Edward WANTON (1632 – 1716) was Alex’s 9th great grandfather, one of 1,024 in this generation of the Miner line. He was a prominent Boston shipbuilder who converted to Quakerism and moved to Scituate, Massachusetts in 1661. The Wanton family, known as the Fighting Quakers was among the most prominent and public minded of colonial families, and includes numerous governors and public officials.
Edward Wanton was born about 1632 in England. His parents may have been Valentine WANTON and Margaret CROMWELL. He emigrated from London to Boston about the year 1658. He was probably married in England and his first wife died in 1660 or 1661. He married second Elizabeth [__?__] in 1663 in Scituate, Mass. He married Margaret [__?__] in 1677. Two of his sons, one nephew and one grandson become Governors of Rhode Island. Edward died 16 Dec 1716 in Sciuate, Mass.
Little information is known about Elizabeth and Margaret.
Children of Edward and Elizabeth:
|1.||Edward Wanton||13 Sep 1658||Mary Phillips||Mar 1694/95|
|2.||Joseph Wanton||1 May 1664 Scituate, Mass||Sarah Freeborn
29 Jan 1689/90
|8 Mar 1754 Scituate, Mass.|
|3.||George Wanton||1666 Scituate, Mass.||1684|
|4.||Elizabeth WANTON||16 Sep 1668 in Scituate||John SCOTT Jr.
16 Sep 1688
|5.||Capt. William Wanton (wiki)||15 SEP 1670 Scituate||Ruth Bryant
1 Jun 1691 Plymouth, Mass.
|DEC 1733 Newport, RI|
|6.||Gov. John Wanton (wiki)||24 Dec 1672 Scituate, Mass.||Mary Stover
|5 July 1740 Newport, RI.|
|7.||Margaret Wanton||22 Sep 1674 Scituate||19 Apr 1676 Scituate|
|8.||Sarah Wanton||22 Sep 1674 Scituate||9 Dec 1675 Scituate|
|9.||Hannah Wanton||25 Jul 1677 Scituate||Robert Barker
1 Apr 1697
|16 Aug 1726|
|10.||Michael Wanton||9 Apr 1679 Scituate||Mary Mew 15 Jan 1703/04 Scituate
Mrs. Abigail Baker Kean 11 Apr 1717 Duxbury, Mass.
|13 Jun 1741 Scituate|
|11.||Catherine Wanton||1681 Scituate|
|12.||Stephen Wanton||5 Mar 1681/82 Scituate||Hannah Allen
10 Sep 1705 Sandwich, Mass.
|13.||Philip Wanton||9 May 1686 Scituate||Hannah Rodman
31 Oct 1711 Newport, RI
|1 Apr 1735 Newport, RI|
Edward was in Boston before 1658 : tradition says he came from London ; and further, that his mother came with him; but of his father we have neither record nor tradition.
Richard SCOTT’s future son in law, Christopher Holder landed in Boston, aboard the Speedwell.. He and seven other passengers were listed with a “Q” (for Quaker) beside their names, because at that time, the Puritans in England and in the English colonies were persecuting Quakers, members of the Religious Society of Friends. While they were still in the jail, Mary Dyer and Anne Burden, two other Friends, arrived in another ship and were arrested on the spot.
Mary bravely went forward and was hung; her neck snapped and her lifeless body dangled in the wind. Dyer’s dress billowed with the breeze. A weeping bystander remarked: “She hangs there as a flag for others to take example by.”And yet, amidst the persecution and death, a new life flourished. Edward WANTON, an officer placed under the gallows to protect the structure was “so affected at the sight” of Mary’s courageous sacrifice “he became a convert to the cause of the Friends [Quakers].” Three years later Wanton was arrested in Boston for holding a Quaker meeting in his home.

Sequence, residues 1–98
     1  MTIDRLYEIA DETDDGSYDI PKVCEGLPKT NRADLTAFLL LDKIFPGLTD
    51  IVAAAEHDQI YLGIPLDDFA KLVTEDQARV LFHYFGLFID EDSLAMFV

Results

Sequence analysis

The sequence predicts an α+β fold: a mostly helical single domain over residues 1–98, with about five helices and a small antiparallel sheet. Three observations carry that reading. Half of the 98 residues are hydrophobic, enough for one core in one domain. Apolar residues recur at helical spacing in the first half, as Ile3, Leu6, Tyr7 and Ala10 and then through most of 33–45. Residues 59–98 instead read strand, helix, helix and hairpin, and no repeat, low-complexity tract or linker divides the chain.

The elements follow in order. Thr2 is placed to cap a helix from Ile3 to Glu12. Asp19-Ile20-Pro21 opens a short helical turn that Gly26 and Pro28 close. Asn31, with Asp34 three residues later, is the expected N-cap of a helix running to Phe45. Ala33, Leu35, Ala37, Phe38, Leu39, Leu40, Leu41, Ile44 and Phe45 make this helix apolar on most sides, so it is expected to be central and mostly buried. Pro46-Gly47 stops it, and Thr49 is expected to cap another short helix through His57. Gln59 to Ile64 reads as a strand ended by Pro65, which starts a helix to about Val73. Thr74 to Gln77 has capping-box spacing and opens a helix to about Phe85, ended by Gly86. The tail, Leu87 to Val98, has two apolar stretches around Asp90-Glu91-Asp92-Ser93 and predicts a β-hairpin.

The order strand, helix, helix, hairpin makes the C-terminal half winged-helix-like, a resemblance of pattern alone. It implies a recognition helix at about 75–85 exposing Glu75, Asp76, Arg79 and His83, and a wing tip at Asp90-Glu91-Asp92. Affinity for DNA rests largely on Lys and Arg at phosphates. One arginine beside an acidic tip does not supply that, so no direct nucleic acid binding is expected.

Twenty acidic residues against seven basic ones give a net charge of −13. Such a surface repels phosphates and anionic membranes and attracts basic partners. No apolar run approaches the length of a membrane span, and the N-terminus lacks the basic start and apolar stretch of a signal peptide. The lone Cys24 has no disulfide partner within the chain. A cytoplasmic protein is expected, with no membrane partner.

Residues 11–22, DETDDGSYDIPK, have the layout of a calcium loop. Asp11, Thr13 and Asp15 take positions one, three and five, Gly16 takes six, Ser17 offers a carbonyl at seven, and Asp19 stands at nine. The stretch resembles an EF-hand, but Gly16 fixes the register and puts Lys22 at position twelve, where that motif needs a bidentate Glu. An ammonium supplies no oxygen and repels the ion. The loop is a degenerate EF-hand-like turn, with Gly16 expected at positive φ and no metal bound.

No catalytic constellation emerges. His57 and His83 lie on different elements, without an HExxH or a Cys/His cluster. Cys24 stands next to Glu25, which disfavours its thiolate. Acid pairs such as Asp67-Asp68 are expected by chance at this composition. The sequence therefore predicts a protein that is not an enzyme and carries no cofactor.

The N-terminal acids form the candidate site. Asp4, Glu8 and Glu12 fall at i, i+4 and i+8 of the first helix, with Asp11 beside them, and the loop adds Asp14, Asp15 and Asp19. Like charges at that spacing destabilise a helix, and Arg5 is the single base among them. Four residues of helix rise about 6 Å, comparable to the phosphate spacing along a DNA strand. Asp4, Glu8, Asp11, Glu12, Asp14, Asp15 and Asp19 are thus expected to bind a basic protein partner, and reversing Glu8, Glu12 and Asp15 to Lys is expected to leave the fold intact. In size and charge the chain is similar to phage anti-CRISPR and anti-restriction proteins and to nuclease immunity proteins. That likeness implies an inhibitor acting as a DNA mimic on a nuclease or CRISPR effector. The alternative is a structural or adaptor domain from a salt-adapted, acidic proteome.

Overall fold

He was probably married before he left England. In Boston were born to him Edward 1658, Margaret 1660, and their mother also deceased 1660-1. After his removal to Scituate, one of the Ministers, of his sect visited him, having recently came from England, and took an opportunity to recommend to him a woman of his acquaintance in England for a second wife. Proposals were accordingly sent in writing, and she came in compliance therewith. Her name was Elizabeth. They were married 1663, and had children, Joseph born 1664, George 1666, Elizabeth 1668, William 1670, John 1672, Sarah and Margaret 1674, Hannah 1677, Michael 1679, Stephen 1682, Philip 1686.
He appears in Scituate as a resident in 1661, and had lands 1660. Before he left Boston, he became a Quaker convert. The severity of the Massachusetts Government towards this new sect, having been carried to the extent of executing three of them in 1659, 1660 and 1661. Edward Wanton, as an officer of the guard, participated in these executions on one or more of these occasions. He became deeply sensible of the cruelty, injustice and impolicy of these measures: he was greatly moved by the firmness with which they submitted to death, and won entirely by their addresses before their execution. He returned to his house, saying,
“Alas, Mother! we have been murdering the Lord’s people,” and taking off his sword, put it by, with a solemn vow never to wear it again.
From this time he conversed, on every opportunity, with the Friends, and soon resolved to become a public teacher of their faith.
In Scituate 1661, he purchased a farm of 80 acres, of William Parker, at the well known shipyard, a little below Dwelley’s creek in Scituate, Mass. He had also extensive lands on Cordwood hill: and also south-west of Hooppole hill, which latter were sold to Nathaniel Brooks 1723. The house of Edward Wanton stood near the bank of the river, on the land that is now improved as a shipyard, and on the spot occupied by the smaller Workhouse. Here he conducted the business of shipbuilding with great success.